Development and Conflict
One does not need to look for long for examples of conflict impacting on development. Take the case of Mali: a year ago, conflict in the north of the country and a military coup detailed two decades of constitutional government and development progress. Elections were scheduled to be held in Mali a month after that coup took place – and the President, adhering to the Constitution, had clearly stated that he would not be a candidate.
Mali’s experience is not atypical or unique – it is an example of the types of conflicts the world is increasingly witnessing. The conflict there is not a war between states, but rather, within a state. It has regional dimensions – in this case the upheaval in Libya had spillover effect for the north of Mali, and Mali’s regional neighbours have been very engaged in the debate about what to do. The battle lines of the conflict were not clearly drawn, either territorially or in terms of issues, suggesting more complex dynamics at play.
Mali’s road back from this combination of violent conflict and constitutional crisis is not an easy one. It will require international support for some time, including for resuming development progress.
So what form might such support take in countries like Mali which are working their way back from conflict and instability?
Undoubtedly roots of discontent often do lie in poverty; but political and social exclusion and inequality can also be powerful motivators of upheaval leading to conflict as has been seen in a number of countries in recent times.
At UNDP, therefore, we do not see reductions in poverty per se as necessarily reducing the chances of violent conflict. Instead, we think conflict and poverty might be better perceived as symptoms of a cluster of problems – including weak governance and institutions and significant levels of inequality related to a combination of economic, political, and social exclusion.
UNDP’s work has long been guided by a belief that transforming poor governance systems to ensure that institutions are effective, inclusive, accountable, and responsive is essential for restoring the trust and confidence needed for peace. More broadly, UNDP’s recent thinking and work is also guided by the following two assumptions:
First, that greater emphasis must be placed on building resilience to shocks and vulnerability – whether economic, political, or environmental, including through more effective and inclusive governance systems.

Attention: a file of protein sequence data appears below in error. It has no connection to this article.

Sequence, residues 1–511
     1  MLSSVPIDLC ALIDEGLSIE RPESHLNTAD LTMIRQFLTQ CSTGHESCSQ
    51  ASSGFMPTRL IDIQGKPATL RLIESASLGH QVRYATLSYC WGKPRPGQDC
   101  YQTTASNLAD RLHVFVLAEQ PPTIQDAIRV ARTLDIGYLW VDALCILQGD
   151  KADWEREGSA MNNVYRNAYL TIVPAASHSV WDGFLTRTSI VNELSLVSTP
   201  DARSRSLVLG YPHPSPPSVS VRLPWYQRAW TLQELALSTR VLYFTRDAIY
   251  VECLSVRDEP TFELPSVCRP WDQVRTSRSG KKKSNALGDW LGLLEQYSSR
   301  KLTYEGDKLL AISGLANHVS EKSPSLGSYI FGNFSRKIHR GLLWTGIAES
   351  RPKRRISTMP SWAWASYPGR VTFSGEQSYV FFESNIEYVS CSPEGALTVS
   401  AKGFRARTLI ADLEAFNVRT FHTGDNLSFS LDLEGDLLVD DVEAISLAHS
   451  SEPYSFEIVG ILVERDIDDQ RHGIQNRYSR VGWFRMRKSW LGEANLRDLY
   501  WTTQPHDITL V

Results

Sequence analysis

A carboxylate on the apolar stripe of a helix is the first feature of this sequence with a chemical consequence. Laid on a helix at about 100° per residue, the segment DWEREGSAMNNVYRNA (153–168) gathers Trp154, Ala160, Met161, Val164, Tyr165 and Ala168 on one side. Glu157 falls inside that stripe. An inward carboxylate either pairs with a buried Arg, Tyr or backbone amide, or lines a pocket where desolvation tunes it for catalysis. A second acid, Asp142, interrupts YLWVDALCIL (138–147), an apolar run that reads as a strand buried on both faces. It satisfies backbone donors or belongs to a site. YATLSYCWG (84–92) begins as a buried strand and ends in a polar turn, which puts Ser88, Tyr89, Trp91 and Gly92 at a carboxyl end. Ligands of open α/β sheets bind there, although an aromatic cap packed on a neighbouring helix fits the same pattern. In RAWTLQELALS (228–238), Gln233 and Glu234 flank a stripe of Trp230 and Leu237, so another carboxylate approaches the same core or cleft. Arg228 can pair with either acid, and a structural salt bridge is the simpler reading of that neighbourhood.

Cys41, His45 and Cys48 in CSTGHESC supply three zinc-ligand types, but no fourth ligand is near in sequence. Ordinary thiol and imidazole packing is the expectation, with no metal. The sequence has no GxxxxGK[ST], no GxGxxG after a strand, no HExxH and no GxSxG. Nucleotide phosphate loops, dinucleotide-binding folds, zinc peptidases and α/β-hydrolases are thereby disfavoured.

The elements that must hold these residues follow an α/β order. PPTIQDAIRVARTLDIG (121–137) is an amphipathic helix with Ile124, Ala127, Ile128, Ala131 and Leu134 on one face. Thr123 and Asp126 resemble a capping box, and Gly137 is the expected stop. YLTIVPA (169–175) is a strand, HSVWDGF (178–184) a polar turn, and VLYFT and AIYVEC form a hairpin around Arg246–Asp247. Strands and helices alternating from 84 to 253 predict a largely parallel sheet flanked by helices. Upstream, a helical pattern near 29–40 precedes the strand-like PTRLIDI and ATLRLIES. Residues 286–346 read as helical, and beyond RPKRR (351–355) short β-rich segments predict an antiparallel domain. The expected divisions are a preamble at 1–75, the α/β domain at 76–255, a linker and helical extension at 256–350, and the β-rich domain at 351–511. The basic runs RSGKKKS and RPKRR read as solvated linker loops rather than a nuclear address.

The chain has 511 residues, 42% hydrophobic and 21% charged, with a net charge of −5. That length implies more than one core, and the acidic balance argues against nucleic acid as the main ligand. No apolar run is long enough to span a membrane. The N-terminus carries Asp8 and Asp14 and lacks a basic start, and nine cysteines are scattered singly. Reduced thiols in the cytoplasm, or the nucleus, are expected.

The risk of conflict or violence can be addressed just as that posed by natural disasters can be. One can strengthen river banks and build levees to protect against a flood. Equally, one can strengthen institutions, equip communities with the skills to prevent conflict and the technology needed to monitor and predict where violence may occur in the hope of minimizing its impact, and develop tools which support the mediation and resolution of conflict where it arises.
Second, the complex causes of violence cannot be addressed with separate, piecemeal interventions. Prevention, as well as early recovery, requires collaborative effort by a range of actors.
The range of potential causes of conflict and armed violence needs to be tackled in integrated ways, and the work of humanitarian, peacekeeping, and development actors should be mutually reinforcing. Comprehensive approaches can include violence prevention and crime control measures to further human security and protect human rights; targeting social cohesion, along with efforts to combat drug trafficking, the proliferation of illegal firearms, and human trafficking; and addressing the particular needs of youth, women, and migrants.
While inter-state wars have declined in number, many states and communities around the world are destabilized by violent conflict and crime, and/or by inter-community tensions – including recurring conflicts over land, natural resources, and identity.
UNDP sees the prospect of peace and sustainable development deriving from the same set of variables: the ability of all people to have voice and be able to participate in decisions affecting their lives; the level of effectiveness and inclusiveness of institutions; and the ability to manage emerging risks and crises.
There are no shortcuts to building enduring peace. It requires investment in good governance, improving the conditions in which people live, reducing inequality, and addressing political, social, and economic exclusion.
Helen Clark is the Administrator of the United Nations Development Programme and former Prime Minister of New Zealand. This post draws upon a presentation delivered in Oxford on 11 February 2013.